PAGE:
Crude Price Suffers Over US-China Trade War


Crude Price Suffers Over US-China Trade War

Andrew Cummings
August 5, 2018

The oil market has been speculating about how much of Iran's exports could be eroded by the US sanctions, with analysts from BMI Research to Mizuho Securities predicting that China might boost its imports of cheap supplies from the state and offset cuts by other nations.

While the USA failed to persuade Beijing to stop importing Iranian oil, the Chinese government did say it would not increase the imports, according to Bloomberg, which cited two anonymous officials "familiar with the negotiations".

Recall that President Hassan Rouhani of Iran had earlier warned the U.S. against any attempt to stop Tehran's oil trade.

Saudi Arabia, Russia, Kuwait and the UAE have increased production to help to compensate for an anticipated shortfall in Iranian crude supplies once planned United States sanctions take effect later this year.

U.S. President Donald Trump pulled out of the 2015 deal in May.


Trump made that much known in a Twitter post days ago during a joint White House news conference with Italian Prime Minister Giuseppe Conte. However, only 13 planes have been delivered since sanctions on Iran were lifted under the nuclear pact.

China is Iran's top oil importer.

Washington chose to reimpose sanctions and has told other countries they must halt all imports of Iranian oil from November 4 or face United States financial measures.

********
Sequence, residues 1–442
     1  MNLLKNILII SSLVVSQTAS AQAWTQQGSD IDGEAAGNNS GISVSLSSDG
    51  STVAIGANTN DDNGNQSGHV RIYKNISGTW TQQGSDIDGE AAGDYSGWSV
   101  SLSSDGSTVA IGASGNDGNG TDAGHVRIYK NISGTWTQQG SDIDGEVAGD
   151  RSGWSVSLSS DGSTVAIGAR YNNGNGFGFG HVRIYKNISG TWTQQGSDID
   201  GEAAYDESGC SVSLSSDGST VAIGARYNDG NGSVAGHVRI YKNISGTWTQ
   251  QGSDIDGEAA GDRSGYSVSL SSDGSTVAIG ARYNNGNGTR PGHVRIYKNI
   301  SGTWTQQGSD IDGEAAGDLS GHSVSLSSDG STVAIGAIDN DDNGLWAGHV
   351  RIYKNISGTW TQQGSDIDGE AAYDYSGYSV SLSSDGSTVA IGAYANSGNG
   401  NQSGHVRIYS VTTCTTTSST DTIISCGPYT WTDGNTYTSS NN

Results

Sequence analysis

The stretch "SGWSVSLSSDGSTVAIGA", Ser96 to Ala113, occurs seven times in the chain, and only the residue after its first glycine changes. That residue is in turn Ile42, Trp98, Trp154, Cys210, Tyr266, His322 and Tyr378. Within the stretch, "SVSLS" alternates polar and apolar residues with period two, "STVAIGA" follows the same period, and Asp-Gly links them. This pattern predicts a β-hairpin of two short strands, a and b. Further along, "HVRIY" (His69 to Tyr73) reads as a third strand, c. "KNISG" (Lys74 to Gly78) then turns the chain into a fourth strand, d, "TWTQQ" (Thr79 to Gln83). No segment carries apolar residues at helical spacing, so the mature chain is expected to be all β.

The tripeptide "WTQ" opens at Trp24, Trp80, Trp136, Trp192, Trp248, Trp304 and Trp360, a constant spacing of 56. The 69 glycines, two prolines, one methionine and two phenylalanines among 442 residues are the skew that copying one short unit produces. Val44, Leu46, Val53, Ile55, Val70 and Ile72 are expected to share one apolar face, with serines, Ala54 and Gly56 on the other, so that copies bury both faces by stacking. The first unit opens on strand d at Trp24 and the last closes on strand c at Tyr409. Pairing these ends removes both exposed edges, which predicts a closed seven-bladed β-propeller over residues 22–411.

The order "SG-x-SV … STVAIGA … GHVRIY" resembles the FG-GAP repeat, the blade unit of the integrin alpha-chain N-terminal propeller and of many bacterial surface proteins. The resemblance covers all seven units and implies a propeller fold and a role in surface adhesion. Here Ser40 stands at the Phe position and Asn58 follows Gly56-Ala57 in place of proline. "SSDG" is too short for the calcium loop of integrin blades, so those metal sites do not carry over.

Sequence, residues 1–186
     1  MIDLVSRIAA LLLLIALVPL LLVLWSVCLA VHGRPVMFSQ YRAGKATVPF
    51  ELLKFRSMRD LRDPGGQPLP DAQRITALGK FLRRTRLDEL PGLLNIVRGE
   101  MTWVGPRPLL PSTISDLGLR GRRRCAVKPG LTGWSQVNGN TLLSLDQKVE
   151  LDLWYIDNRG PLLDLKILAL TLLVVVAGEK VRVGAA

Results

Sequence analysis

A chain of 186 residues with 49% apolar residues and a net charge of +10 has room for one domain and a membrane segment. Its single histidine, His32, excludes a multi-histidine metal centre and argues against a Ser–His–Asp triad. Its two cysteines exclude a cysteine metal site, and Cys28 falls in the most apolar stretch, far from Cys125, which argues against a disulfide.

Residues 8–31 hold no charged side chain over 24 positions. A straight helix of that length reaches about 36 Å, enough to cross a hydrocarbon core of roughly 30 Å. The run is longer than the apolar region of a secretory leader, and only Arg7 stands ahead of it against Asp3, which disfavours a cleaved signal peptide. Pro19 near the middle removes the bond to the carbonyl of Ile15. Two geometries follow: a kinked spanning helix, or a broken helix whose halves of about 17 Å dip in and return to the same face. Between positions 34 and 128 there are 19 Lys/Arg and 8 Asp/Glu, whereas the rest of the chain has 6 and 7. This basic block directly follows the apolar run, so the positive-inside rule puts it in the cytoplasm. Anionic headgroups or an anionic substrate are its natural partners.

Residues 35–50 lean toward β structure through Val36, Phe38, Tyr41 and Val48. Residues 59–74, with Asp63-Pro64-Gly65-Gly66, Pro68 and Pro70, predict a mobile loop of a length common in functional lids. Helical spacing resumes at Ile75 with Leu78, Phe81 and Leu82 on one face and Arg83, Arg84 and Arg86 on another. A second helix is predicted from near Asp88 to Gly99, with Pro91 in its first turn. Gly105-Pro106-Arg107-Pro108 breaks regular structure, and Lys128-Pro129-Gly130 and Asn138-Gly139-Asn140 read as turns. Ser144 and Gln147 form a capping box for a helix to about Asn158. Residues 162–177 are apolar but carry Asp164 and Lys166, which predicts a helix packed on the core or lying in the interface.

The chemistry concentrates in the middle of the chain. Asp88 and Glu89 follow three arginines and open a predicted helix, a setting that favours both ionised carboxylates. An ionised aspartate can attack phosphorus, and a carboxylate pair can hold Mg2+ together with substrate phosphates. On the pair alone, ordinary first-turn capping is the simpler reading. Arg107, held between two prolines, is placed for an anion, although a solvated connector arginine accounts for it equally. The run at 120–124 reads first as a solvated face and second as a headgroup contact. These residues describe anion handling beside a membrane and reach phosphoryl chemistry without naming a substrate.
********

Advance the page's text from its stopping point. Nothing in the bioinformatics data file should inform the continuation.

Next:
Another expert who foresees tightening was far more outspoken in his short-term forecast: Stephen Brennock, oil analyst at PVM Oil Associates, stated in a note on Friday that "Venezuela's ticking time bomb together with the return of Iran's oil industry to the sanctions era has all the makings for a major supply shock".

Tensions between Washington and Beijing show no signs of easing, with the Asian giant announcing Friday that it has prepared a list of US$60 billion worth of U.S. goods to hit with tariffs in retaliation for duties proposed by the Trump administration.


The U.S. military's Central Command on Wednesday confirmed it has seen an increase in Iranian naval activity, including in the Strait of Hormuz, a strategic waterway that Iran's Revolutionary Guards have threatened to block.

Sanctions will also be reapplied to USA imports of Iranian carpets and foodstuffs and on certain related financial transactions.

When pressed by CNBC to answer the questions she was raising, Croft replied, "I think this market will tighten at the end of this year", and added that Venezuelan production continues to fall and will be a contributing factor.

What's next for Iran oil?

State refiners accounted for about four-fifths of the imports; Indian Oil Corp along with its unit Chennai Petroleum Corp imported approximately 300 000 bpd oil, the preliminary data showed.


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